Divorce Magazine

Is It Really a Time to Celebrate?

By Richard Crooks @FindGodindivorc
BLUE CHRISTMASIs it Really a Time to Celebrate?
This year, at my church, we will be hosting a “Blue Christmas Vespers Service,” designed for individuals who, instead of looking forward to Christmas with joy, are doing so with a deep sense of dread and sadness.  For some of my readers, this will be the first Christmas post-divorce.  That means money may be very tight.  It may mean that they will be with their children only a portion of Christmas, as the children are shared between parents.  For some it will mean spending what is supposed to be such a joyful holiday all alone, shedding tears of loneliness.  
Others are dreading Christmas for other reasons. Perhaps a spouse or loved one passed away in the last year, and so this is the first Christmas without that person. Others will have lost their job, or, for those folks out in California, some will have lost their homes and their possessions.  Some will be dreading the holiday simply for the reason that family members are not going to be able to come home, and so it will be a holiday all alone.  Others are just struggling financially, and wrestle with the fact that they don’t have the wherewithal to purchase the gifts they would like this year.  And there are those who are the ones who have been displaced, serving in the military overseas, or far away for educational or work reasons, who are going to spend the holiday away from family and home. 

I visited briefly with a gentleman one day, whose spouse has recently entered a care facility for people with Alzheimer’s disease…and just talking about the upcoming Christmas was difficult for him.  As everyone else is singing “Joy to the World” and “We Wish You a Merry Christmas,” what are these individuals to do?  

As I have been working on the preparations for the service, one of the things that has really struck me is that even the first Christmas was not all jolly and merriment.  After all, Mary and Joseph were themselves displaced for the purpose of taxation…and who in their right mind would be joyful about that?!?  When they got to the village, they weren’t even able to stay in a proper facility, but had to be out with the animals in a manger (no advance reservations or Presidential suites for them!).  And, of course, as we all have been reminded by our mothers and wives at some point or another, even the birthing of the baby Jesus involved the pains of labor.  Sure, that anguish tends to be replaced by the joy of having a newborn child, but that doesn’t diminish the pain gone through to get there.  

But most of all, I am somewhat haunted by the portion of the story found in Matthew 2:

Then Herod, when he saw that he had been tricked by the wise men, became furious, and he sent and killed all the male children in Bethlehem and in all that region who were two years old or under, according to the time that he had ascertained from the wise men. 
  Then was fulfilled what was spoken by the prophet Jeremiah:
 “A voice was heard in Ramah,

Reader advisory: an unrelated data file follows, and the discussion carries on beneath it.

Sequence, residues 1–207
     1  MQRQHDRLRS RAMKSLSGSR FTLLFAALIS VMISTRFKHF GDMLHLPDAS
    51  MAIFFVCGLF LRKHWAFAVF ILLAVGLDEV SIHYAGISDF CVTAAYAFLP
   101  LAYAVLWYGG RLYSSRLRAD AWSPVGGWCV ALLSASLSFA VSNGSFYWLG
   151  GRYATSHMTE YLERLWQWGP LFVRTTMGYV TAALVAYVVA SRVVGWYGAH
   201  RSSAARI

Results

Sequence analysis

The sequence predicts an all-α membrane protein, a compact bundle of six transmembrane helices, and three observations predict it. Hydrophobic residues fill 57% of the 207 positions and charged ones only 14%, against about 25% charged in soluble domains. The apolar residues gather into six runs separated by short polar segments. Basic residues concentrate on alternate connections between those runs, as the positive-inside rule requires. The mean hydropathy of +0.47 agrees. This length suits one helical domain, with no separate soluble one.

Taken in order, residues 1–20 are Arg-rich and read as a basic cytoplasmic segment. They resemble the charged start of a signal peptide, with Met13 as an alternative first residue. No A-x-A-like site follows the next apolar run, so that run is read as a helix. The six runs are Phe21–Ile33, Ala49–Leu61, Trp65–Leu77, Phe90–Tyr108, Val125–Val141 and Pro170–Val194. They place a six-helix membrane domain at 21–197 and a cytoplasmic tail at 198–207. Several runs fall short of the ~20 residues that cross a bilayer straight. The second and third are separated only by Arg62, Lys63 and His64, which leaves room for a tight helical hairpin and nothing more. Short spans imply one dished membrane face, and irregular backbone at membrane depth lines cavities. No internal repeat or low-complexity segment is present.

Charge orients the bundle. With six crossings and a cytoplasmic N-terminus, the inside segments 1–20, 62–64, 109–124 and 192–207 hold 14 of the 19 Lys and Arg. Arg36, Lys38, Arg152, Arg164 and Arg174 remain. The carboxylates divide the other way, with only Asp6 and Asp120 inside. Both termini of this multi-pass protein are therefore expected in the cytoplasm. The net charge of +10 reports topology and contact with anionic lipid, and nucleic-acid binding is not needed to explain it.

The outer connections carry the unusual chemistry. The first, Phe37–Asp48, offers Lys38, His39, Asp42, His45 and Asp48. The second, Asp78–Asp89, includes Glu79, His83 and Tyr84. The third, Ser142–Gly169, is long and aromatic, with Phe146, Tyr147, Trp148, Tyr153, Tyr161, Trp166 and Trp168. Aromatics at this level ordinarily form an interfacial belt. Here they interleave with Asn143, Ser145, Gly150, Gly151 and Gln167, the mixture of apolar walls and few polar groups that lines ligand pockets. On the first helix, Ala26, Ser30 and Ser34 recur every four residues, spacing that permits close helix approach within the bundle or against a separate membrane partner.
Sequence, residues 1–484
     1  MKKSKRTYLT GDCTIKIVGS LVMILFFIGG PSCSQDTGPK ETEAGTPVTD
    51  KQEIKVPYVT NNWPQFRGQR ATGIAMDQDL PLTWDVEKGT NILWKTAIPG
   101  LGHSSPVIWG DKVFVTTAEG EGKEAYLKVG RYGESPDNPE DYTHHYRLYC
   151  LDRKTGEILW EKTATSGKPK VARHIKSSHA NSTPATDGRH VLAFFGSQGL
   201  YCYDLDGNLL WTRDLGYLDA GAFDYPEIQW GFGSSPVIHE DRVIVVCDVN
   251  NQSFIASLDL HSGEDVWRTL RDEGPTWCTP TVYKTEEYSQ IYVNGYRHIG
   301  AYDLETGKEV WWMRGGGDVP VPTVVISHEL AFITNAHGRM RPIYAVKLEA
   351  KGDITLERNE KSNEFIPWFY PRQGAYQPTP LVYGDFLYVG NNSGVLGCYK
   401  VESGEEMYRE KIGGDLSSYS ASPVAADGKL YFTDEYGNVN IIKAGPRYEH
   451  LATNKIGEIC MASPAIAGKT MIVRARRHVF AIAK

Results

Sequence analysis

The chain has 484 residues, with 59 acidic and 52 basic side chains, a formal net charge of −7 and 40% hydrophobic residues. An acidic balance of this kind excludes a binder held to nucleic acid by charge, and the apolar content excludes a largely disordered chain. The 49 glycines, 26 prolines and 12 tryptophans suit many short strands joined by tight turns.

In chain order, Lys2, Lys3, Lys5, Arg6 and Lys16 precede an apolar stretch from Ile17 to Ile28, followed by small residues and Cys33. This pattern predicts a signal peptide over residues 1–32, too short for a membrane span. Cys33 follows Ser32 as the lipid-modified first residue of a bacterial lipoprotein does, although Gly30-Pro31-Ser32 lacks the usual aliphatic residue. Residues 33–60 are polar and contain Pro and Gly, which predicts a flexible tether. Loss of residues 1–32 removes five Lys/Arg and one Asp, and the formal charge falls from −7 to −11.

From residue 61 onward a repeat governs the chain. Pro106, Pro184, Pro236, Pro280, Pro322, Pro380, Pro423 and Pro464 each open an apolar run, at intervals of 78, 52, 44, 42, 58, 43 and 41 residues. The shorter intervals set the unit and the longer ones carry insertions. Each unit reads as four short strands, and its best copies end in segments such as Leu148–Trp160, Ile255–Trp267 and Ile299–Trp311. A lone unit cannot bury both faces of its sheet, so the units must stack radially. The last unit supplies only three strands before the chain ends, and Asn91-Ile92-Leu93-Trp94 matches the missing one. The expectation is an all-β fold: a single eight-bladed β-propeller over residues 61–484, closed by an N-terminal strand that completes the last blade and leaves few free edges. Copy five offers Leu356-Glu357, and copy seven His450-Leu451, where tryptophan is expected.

weeping and loud lamentation,

Rachel weeping for her children;

  she refused to be comforted, 

because they are no more.”  (ESV)
Our world is filled not just with joy and celebrations, but also with sorrow and pain, suffering and hardship.  It always has been.  And that is true of the first Christmas as well.  The story of Immanuel, “God with us” includes the fact that, from the very beginning, in Christ, God was with us in the midst of our sorrow and sadness, not as an escape artist far removed from it.  What anguish there must have been in Bethlehem as day after day, funerals were held for those poor little children so viciously attacked.  How the mothers and fathers eyes must have been red with tears and their nights filled with troubled sleep.  And yet…
And yet, even in the midst of this awful tragedy, Jesus was present on earth, beginning the life that would one day redeem us and lift us above all the weights of this world.  The Spirit of God has been sent forth to those who believe, so that no matter what hardships we suffer and face, we know that we are never alone…Immanuel:  God is with us.  In the months after my divorce, when the house felt so empty and loneliness was overwhelming, a wise friend reminded me more than once that though I may be very lonely, I was never truly alone.
In the story of YOUR Christmas this year, there may also be a mixture of angelic rejoicing and tearful anguish.  It is the way of this world.  It was there when Christmas began, and it will continue to be in one form or another until the day when God calls it all to an end, and personally wipes every tear from our eyes.  Take comfort in knowing that it wasn’t into some storybook fairy tale world that Jesus came, but into the world in which you and I live…the world filled with joy and hurt and kindness and hatred and acceptance and racism…God has entered into the world as it is, and invites us to walk with him through whatever that life may bring, so that we may find meaning and hope no matter what comes. 
As you journey toward Christmas, may you always remember that you never need to journey alone.  
Immanuel—God is with you.  

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